The purpose of reading and briefing all those cases is to learn to spot the issues and the holdings.  From there, I'll work on my outline and take practice exams which is probably the most important skill necessary to pass your classes.  There is a formula to legal writing, and each year of law school it develops and gets better and better.  But that is due to writing over and over and over again in a timed setting where there is no possible way you can hit all the points in the time allotted.  This in addition to getting critiqued by your professors on your exams and trying to figure out what the hell "conclusory" means your first year.  This is why more ABA students pass the bar exam and why their curriculum has not changed much over the years. 

Since you are clear you want to stay at this school, I suggest you take a legal writing workshop such as Fleming's so you learn the formula and get some type of practice.  While an internship will help with the practical part of law practice, I'm not sure why a thesis would be a part of their curriculum.  I think those final projects are what concerns me the most about this school since it has nothing to do with legal analysis or exam preparation.  Those skills are crucial to passing the bar and it takes time to hone the skill.  Good luck.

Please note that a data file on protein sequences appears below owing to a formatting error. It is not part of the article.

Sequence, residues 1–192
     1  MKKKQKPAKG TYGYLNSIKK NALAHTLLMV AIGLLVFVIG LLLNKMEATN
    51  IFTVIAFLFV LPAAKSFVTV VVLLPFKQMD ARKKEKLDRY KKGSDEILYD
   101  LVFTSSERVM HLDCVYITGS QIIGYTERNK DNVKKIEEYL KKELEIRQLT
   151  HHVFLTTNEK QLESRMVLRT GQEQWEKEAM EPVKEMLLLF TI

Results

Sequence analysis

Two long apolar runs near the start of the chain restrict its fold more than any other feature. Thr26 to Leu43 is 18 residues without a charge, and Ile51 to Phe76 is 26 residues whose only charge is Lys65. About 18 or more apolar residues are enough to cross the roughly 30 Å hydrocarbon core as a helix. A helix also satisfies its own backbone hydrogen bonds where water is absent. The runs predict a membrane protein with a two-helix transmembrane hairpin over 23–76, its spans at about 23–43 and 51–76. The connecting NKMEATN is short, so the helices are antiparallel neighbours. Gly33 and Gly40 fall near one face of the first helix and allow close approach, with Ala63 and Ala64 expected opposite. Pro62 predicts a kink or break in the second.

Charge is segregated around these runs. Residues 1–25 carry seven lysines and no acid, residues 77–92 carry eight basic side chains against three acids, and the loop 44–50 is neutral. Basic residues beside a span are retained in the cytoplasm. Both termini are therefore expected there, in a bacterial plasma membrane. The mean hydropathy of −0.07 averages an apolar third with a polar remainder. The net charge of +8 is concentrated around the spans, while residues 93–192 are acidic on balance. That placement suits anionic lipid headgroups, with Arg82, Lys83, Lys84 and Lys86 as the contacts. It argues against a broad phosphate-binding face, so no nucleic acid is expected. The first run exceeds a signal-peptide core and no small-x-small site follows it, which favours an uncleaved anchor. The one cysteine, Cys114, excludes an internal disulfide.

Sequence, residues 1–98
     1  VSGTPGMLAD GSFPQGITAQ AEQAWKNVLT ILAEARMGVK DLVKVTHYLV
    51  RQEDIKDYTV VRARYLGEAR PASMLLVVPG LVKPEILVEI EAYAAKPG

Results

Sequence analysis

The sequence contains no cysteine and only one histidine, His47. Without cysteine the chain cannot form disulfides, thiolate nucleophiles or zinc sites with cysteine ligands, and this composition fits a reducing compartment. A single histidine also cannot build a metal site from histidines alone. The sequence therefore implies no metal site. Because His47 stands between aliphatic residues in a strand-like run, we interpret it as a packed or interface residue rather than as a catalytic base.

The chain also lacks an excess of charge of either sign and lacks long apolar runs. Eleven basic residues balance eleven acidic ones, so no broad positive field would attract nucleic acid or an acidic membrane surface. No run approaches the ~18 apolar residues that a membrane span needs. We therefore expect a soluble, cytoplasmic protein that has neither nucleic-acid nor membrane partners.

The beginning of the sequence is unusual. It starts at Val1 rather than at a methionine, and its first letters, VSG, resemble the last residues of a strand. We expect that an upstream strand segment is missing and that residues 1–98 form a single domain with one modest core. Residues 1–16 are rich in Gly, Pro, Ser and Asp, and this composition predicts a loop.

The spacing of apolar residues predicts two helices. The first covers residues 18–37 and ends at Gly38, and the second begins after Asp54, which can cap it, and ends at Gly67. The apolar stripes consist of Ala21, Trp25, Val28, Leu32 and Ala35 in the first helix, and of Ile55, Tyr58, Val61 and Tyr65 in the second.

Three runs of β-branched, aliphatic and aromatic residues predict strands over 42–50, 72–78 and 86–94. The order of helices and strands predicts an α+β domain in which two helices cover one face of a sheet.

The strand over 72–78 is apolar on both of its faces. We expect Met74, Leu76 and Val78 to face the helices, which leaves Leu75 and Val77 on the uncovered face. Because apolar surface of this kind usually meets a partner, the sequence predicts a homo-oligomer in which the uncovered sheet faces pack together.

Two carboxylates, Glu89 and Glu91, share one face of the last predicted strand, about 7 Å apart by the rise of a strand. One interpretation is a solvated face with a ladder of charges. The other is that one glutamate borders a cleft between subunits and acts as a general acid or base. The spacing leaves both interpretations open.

passaroa25

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Re: Mid-Atlantic School of Law
« Reply #64 on: June 18, 2013, 12:44:28 AM »
I am not at Mid-Atlantic.  I don't have the money to attend any law school.  In addition to being a volunteer paralegal, I am studying for the certified paralegal exam.  I am just defending Mid-Atlantic because the right person can get something out of self study.  It is impossible to read 100% of the cases cited in each Gilberts volume. If any student read all the cases cited in each Gilberts volume, it would take him/her 15 years to get through the basic curriculum.   The cases in the typical law students' casebook are shortened considerably.  The cases cited in each Gilberts volume are going to be the real deal.  One case in and of itself can be 40 pages long.  If you are really churning out 40 pages per class, per night, you probably don't have any children and you don't have a job.  Many people don't have that luxury.